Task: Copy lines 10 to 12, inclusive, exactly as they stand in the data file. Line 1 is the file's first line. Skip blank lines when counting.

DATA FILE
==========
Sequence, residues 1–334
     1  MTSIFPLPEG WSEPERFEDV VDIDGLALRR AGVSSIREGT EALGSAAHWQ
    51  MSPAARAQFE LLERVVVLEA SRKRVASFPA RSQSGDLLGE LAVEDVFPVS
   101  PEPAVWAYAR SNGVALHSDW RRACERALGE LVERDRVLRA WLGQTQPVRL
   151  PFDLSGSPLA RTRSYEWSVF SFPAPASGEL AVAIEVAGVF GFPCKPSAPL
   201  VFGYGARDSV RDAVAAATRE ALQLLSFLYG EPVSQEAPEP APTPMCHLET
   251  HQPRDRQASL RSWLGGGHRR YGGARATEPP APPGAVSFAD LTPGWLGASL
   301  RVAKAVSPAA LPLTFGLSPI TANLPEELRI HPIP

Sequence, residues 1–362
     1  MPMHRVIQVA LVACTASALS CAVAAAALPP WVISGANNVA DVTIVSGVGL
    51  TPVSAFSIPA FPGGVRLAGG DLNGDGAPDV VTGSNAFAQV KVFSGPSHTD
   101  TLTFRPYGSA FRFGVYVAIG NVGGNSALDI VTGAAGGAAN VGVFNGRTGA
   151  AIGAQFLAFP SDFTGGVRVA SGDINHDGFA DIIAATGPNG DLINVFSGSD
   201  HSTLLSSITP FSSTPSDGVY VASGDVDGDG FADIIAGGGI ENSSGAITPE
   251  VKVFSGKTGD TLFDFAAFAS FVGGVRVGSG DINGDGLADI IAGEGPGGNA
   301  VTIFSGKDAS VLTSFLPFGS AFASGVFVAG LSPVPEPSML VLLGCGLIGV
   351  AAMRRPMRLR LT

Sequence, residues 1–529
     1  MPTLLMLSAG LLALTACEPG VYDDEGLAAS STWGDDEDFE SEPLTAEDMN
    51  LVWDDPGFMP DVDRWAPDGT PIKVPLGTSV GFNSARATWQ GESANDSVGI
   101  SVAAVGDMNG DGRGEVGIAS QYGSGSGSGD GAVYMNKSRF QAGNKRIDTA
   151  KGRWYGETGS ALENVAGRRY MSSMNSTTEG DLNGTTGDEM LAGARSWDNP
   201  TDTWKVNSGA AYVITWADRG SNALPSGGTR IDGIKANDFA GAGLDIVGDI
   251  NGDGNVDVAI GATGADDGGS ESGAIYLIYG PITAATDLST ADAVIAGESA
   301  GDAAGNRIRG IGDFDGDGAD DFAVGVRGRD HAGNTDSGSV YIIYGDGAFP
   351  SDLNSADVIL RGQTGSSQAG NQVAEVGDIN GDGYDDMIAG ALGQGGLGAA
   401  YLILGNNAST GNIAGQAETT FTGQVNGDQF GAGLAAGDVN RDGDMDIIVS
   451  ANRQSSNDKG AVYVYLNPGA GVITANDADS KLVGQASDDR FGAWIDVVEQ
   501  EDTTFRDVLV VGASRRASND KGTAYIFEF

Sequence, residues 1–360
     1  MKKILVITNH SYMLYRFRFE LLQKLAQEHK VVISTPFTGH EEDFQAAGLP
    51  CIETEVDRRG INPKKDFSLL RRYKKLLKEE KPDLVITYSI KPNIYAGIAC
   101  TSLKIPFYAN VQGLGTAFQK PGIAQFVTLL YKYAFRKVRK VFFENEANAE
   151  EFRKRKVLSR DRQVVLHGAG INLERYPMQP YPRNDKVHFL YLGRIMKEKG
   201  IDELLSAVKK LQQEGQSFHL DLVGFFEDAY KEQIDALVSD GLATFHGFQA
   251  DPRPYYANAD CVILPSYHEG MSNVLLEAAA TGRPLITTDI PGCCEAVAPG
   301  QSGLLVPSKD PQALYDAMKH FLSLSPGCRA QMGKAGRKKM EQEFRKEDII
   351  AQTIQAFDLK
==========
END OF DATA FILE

     1  MPMHRVIQVA LVACTASALS CAVAAAALPP WVISGANNVA DVTIVSGVGL
    51  TPVSAFSIPA FPGGVRLAGG DLNGDGAPDV VTGSNAFAQV KVFSGPSHTD
   101  TLTFRPYGSA FRFGVYVAIG NVGGNSALDI VTGAAGGAAN VGVFNGRTGA